- Mechanical: The new space needs a controlled air environment. You may be fortunate and have a current HVAC system that has the proper tonnage, duct work, supplies, returns & thermostat zones that work efficiently and well in your home as it currently exists. If that is the case, then you just have to add a new unit, ducting, etc. for the new space. For many of the older homes in Richardson, their HVAC is older, not working very efficiently and has 1 zone. This often, with an addition, warrants an evaluation and re-work of the entire HVAC system. It is costly up front, but when finished, transitions into an energy cost savings and much less wear on the mechanical equipment.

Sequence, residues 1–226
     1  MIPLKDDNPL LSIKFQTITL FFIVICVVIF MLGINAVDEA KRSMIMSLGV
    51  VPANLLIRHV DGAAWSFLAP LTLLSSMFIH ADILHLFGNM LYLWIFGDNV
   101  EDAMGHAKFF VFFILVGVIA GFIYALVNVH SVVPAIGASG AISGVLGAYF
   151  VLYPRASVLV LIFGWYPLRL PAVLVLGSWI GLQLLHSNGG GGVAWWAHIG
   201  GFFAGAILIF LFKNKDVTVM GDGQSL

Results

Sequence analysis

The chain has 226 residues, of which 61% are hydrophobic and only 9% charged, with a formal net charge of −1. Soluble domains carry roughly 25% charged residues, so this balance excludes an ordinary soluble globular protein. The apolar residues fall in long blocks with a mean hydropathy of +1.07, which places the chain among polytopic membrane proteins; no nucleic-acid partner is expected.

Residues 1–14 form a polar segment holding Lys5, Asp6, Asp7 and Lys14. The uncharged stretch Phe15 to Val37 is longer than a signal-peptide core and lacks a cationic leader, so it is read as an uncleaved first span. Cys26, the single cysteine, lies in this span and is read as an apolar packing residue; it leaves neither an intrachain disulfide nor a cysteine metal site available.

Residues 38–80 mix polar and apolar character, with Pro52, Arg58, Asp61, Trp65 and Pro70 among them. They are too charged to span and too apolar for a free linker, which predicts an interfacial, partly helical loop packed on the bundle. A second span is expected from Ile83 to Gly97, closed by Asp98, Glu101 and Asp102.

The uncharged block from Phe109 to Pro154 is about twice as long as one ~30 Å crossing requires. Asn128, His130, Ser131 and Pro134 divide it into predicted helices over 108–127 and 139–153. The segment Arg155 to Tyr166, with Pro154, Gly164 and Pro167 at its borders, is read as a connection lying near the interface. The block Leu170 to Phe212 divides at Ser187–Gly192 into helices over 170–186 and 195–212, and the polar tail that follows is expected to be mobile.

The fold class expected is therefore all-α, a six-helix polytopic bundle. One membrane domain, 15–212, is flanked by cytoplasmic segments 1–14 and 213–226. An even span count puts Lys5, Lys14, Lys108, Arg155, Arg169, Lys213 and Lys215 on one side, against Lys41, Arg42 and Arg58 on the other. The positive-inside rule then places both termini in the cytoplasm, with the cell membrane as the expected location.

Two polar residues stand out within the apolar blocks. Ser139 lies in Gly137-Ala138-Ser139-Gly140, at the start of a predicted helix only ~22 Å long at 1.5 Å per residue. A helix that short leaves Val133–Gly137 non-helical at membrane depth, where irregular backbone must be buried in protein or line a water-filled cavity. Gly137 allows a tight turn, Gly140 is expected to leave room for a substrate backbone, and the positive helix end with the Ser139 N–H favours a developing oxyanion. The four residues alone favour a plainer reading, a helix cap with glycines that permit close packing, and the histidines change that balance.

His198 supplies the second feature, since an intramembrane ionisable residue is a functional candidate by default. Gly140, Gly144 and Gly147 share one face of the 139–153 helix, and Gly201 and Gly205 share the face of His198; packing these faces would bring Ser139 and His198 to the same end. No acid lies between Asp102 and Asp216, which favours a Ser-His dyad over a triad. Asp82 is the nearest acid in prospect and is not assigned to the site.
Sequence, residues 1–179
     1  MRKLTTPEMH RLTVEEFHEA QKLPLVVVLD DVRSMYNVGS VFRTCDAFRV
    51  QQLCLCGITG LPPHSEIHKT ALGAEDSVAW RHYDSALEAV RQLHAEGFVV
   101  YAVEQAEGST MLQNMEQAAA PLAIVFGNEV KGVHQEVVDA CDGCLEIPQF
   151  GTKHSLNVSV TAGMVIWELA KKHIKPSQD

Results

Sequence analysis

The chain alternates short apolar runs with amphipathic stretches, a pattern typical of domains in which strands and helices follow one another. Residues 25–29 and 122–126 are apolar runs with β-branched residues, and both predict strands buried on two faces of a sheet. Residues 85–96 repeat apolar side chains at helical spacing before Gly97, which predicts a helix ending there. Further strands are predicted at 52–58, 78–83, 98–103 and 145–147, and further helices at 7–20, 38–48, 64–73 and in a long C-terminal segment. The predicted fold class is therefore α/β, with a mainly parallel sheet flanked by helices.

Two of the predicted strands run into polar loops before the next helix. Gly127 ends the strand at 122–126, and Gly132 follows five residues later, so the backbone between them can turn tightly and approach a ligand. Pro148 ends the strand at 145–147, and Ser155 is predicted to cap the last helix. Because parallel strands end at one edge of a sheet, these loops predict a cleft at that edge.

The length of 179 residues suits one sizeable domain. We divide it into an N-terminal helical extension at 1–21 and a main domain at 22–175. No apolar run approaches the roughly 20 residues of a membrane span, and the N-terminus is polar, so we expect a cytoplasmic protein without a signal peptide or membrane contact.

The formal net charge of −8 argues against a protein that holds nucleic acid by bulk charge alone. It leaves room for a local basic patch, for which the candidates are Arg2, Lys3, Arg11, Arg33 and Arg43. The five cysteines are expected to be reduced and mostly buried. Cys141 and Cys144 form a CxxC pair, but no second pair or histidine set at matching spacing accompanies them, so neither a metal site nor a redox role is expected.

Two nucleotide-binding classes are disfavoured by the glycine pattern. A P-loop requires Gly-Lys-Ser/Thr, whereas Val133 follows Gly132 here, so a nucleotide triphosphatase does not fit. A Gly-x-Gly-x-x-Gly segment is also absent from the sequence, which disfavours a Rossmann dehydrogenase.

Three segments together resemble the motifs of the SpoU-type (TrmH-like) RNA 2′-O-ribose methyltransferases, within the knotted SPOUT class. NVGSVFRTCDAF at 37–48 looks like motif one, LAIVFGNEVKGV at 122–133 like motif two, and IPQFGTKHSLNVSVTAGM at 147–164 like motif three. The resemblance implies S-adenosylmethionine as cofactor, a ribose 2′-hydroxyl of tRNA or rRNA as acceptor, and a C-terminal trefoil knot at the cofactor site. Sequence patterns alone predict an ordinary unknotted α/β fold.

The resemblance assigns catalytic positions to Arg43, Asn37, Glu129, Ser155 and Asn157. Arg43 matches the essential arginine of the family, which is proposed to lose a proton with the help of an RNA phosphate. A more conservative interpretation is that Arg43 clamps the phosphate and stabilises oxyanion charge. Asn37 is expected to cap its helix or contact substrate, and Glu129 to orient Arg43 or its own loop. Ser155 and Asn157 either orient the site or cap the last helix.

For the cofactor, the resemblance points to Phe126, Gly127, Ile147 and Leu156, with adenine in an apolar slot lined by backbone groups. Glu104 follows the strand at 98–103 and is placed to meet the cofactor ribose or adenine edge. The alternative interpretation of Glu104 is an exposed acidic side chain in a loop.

- Electrical- many of our Richardson homes have 150 amp electrical panels. These supported our homes’ electrical needs when we were plugging in lamps and all of our kitchen appliances were manufactured circa 1970 & before. Today, with general can lighting, gfi protected outlets, appliance requirements for independent circuits, etc. we do not have enough space in our panels to build an addition. Some homes even have Federal Pacific electric panel boxes that electricians will often refuse to work with these days. Other homes have their panel in a location that is against current code (master bathroom closet). Budgeting to replace and increase the amperage of the panel is a consideration. If the panel location need to change, that budget is even more. Remember, all of the electrical ‘home runs’ in your home go into the electrical panel box. If the box has to be relocated, so do all of the ‘home runs’. You also have to determine if the meter on the outside of the house needs to be moved.